The bill, HR 2590, the “Palestinian Children and Families Act,” as Kurtzer writes, “would prohibit American dollars from being used for actions by Israel that involve the detaining of Palestinian children, the appropriation or destruction of Palestinian property, the forcible removal of Palestinians or toward unilateral annexation” that violate relevant international law and U. S. standards of foreign aid.
The bill does not call for reducing or conditioning aid, but restricting it from being used for purposes that violate U.S. and international law.
I would argue that if U.S. aid is used for these practices and it is not stopped, we will then see increased efforts to cut aid to Israel.
The bill is not anti-Israel. It calls for transparency in how U.S. aid is used. Today there is no transparency. The oversight this legislation calls for is not unique to Israel. It is oversight required for all U.S. foreign aid.
Kurtzer writes that this legislation does not balance criticism of Israeli policy while genuinely supporting its security. That is false. Nowhere in the legislation is there a call for reducing or conditioning aid for Israel’s legitimate security needs; only that the aid should not be used to support efforts to deepen the occupation of Palestinian territory or violate Palestinians’ human rights.
I also object to Kurtzer’s claim that the bill takes “some of the most extreme and egregious moral failures of the occupation — the detention of minors, for instance — and makes them emblematic of Israeli policy rather than exceptional.” The bill does not claim they are “emblematic” of Israeli policy, rather that they are exceptional and must not be funded by U.S. aid.
The bill is targeting only, as Kurtzer writes, “the most extreme and egregious moral failures of the occupation.”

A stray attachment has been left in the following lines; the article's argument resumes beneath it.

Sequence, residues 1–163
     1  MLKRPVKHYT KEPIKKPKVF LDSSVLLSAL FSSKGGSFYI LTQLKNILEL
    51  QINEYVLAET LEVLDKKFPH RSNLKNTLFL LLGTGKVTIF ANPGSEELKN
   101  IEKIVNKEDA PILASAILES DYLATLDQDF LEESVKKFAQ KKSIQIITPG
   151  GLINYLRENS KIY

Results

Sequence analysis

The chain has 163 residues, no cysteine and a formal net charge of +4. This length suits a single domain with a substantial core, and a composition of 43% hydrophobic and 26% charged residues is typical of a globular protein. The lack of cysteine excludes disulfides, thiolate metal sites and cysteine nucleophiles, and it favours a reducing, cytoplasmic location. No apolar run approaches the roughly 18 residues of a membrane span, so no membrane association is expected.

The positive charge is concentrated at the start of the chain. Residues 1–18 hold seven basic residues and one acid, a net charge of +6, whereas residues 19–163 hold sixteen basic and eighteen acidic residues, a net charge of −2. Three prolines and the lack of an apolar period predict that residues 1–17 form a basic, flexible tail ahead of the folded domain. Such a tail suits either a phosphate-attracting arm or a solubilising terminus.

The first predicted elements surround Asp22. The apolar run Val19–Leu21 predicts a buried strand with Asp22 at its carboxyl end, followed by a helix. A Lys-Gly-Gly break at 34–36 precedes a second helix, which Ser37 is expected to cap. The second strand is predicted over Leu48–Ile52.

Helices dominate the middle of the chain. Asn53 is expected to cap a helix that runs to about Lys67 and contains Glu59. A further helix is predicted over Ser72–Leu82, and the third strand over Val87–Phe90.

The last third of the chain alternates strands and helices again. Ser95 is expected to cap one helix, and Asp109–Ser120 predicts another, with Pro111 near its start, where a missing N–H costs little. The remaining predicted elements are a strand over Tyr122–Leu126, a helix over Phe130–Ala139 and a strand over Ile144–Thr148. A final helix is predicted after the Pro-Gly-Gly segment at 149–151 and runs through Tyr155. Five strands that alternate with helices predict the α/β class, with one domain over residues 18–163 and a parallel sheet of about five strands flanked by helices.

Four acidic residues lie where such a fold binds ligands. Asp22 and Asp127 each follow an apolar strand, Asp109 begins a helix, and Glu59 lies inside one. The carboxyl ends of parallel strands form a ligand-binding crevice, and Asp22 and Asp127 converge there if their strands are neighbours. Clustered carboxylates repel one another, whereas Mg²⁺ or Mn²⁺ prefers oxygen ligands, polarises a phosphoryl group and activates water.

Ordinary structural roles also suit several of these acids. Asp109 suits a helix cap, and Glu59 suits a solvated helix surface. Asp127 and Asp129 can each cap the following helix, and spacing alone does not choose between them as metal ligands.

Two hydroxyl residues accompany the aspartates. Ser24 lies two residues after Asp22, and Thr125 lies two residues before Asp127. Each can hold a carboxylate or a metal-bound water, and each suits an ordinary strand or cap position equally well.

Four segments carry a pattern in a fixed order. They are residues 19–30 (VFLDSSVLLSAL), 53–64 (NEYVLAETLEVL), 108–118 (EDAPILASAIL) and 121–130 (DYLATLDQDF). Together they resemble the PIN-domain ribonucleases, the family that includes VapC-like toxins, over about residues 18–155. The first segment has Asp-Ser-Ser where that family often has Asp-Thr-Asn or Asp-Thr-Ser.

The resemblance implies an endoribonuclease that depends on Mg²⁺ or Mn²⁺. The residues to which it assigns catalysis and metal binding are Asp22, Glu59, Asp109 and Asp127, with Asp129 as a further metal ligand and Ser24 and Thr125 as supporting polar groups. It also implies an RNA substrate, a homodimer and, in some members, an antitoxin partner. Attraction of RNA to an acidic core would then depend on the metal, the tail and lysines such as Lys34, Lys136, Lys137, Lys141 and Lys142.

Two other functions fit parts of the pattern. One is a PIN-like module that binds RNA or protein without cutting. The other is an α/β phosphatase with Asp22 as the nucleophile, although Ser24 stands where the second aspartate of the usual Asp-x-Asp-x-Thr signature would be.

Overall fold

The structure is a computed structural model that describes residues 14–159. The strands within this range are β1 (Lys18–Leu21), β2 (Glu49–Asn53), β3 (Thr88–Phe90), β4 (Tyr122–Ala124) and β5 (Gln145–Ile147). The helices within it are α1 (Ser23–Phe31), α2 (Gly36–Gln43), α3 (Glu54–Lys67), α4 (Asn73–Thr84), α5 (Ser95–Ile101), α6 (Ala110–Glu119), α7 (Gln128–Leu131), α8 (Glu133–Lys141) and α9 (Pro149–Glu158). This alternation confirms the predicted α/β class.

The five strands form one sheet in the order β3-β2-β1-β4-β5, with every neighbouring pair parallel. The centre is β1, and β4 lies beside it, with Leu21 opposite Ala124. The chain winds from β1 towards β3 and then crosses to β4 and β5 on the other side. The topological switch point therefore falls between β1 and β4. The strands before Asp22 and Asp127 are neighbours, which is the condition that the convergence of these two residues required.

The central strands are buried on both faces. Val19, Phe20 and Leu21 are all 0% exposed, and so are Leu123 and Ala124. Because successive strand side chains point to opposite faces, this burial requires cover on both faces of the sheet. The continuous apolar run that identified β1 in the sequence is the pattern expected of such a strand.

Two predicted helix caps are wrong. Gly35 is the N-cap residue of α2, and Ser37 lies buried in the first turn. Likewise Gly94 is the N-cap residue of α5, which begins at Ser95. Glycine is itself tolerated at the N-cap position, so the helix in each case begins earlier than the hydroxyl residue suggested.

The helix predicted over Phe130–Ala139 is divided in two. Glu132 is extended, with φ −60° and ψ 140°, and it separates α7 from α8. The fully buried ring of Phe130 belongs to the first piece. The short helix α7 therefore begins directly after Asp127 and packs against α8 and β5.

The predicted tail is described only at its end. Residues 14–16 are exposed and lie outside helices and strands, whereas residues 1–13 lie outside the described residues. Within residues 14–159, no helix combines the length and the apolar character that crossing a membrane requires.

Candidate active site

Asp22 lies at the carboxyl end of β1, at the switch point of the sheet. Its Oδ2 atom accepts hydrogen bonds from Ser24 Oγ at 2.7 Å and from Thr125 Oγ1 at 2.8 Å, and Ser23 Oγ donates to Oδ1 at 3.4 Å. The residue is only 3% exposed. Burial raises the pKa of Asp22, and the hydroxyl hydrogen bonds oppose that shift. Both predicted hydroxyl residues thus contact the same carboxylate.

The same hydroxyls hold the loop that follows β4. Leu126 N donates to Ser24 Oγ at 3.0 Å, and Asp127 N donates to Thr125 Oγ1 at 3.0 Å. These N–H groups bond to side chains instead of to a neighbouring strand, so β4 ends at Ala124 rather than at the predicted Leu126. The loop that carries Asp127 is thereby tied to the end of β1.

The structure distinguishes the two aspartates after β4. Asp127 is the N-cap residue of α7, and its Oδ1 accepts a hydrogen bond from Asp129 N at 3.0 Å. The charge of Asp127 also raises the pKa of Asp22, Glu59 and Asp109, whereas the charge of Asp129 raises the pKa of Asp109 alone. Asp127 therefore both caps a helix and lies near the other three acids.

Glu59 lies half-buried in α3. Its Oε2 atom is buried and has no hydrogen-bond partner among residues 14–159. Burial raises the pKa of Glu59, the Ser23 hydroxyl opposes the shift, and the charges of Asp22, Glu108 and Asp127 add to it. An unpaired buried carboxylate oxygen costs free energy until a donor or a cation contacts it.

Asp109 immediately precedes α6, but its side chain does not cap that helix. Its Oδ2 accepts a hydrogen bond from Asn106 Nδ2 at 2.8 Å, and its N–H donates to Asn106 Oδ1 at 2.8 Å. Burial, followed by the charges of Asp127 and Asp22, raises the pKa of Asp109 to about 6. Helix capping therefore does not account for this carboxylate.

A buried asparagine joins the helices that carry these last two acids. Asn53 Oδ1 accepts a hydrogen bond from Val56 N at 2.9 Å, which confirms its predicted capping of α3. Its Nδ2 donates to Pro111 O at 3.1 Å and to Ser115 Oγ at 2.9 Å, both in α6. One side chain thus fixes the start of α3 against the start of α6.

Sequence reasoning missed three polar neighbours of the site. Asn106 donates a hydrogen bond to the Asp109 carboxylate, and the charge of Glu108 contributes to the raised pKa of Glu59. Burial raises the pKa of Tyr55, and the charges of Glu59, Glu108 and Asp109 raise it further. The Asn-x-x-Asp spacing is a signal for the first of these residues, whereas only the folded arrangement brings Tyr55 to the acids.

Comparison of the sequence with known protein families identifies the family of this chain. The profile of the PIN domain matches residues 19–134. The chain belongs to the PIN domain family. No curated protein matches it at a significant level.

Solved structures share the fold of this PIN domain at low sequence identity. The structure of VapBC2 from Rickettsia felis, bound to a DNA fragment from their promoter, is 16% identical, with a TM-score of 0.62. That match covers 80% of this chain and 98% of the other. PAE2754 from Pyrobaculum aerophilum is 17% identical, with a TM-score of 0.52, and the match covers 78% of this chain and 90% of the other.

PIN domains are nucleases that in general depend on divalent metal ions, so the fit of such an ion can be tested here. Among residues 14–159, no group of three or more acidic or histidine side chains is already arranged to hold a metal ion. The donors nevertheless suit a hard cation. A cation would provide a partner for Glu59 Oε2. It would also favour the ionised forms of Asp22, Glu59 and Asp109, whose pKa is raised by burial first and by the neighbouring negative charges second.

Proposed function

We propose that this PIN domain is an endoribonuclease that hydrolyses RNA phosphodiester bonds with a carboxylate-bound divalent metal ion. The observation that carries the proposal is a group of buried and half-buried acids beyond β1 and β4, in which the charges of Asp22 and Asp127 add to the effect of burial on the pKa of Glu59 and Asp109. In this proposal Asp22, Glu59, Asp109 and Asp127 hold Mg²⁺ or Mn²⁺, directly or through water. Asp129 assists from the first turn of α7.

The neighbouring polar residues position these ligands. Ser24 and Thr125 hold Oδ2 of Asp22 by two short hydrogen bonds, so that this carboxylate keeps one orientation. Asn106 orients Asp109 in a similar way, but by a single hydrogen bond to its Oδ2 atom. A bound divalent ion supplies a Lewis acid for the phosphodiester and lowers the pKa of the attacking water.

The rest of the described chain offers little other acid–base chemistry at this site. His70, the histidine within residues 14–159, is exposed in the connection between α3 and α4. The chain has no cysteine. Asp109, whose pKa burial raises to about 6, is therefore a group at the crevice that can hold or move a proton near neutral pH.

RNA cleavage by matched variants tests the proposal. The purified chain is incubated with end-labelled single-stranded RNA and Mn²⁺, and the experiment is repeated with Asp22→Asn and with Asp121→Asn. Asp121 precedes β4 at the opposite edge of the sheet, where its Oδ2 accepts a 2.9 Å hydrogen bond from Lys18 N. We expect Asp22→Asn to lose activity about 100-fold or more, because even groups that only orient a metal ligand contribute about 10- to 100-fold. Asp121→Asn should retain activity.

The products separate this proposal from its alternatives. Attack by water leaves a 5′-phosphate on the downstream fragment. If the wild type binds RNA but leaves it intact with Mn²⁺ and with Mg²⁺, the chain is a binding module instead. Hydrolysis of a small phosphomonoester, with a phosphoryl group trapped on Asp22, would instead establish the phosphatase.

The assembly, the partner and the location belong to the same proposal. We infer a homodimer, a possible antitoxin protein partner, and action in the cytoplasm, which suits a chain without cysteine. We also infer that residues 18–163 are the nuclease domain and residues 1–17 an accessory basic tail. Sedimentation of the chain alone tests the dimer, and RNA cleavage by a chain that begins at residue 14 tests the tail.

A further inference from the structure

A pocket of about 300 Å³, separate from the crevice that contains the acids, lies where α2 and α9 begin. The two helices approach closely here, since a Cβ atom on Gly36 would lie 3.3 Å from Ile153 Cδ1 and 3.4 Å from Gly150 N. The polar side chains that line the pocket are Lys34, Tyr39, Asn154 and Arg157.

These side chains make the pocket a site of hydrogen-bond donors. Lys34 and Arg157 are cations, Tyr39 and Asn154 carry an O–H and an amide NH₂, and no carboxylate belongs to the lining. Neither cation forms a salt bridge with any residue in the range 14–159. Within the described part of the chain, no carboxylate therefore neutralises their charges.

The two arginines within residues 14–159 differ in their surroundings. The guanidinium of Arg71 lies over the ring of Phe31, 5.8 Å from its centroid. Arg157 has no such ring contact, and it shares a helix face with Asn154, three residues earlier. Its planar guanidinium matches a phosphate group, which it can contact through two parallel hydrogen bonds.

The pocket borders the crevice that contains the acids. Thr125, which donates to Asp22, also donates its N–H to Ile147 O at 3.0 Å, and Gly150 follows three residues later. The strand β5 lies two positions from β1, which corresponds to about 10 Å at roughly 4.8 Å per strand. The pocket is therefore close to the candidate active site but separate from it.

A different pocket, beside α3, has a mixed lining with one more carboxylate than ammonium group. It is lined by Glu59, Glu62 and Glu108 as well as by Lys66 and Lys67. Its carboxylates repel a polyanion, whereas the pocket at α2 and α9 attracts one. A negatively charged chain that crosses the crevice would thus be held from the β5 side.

If Kurtzer really believes, as he writes, “in the fundamental legitimacy of Palestinian self-determination and advocating for Palestinian human rights as part and parcel of our commitment to the State of Israel,” then he should not misrepresent HR 2590, which is consistent with support for U.S. aid to Israel.
Also, the photo with the article (depicting a demonstrator calling for “No U.S. aid to Israel”) misleads your readers into believing the proposed legislation calls for ending aid to Israel. The photo is not relevant to the article.
By arguing this legislation should not pass, Kurtzer risks exactly what he warns against: “If it shuts out progressive values — including, most importantly, a concern for Palestinian human rights — the pro-Israel camp may win the political fights in this generation and lose the entire next generation. More important, we also will be complicit in turning human rights for Palestinians into the inverse of political rights for Jews.”
Rabbi Chaim Schneider
Good pastor, bad bible
In the Rev. Jim Mitulski’s opinion piece (“Christian pastor: This Holy Week, I’m giving up antisemitism,” March 26), he called upon his fellow Christian clergy to begin the process of rejecting the antisemitism of the Gospels, especially at Easter time, when its expression is most frequent.
Finally! A concrete proposal to end Jew-hating. And by a Christian leader!
Since the fourth century, when Rome adopted Christianity as its state religion, the New Testament has been the primary source of antisemitism. It’s all there in the four Gospels, up front in the very beginning, each repeating the essence of the story, which is: When the Roman governor Pontius Pilate asked the assembled Jews whom he should crucify — this convicted murderer here, or Jesus? — they shouted “Jesus!” Thus the Jews doom themselves. Then the people as a whole answered, “His blood be on us and on our children!” (Also, Jesus labels the Jews children of the devil in John 8:44).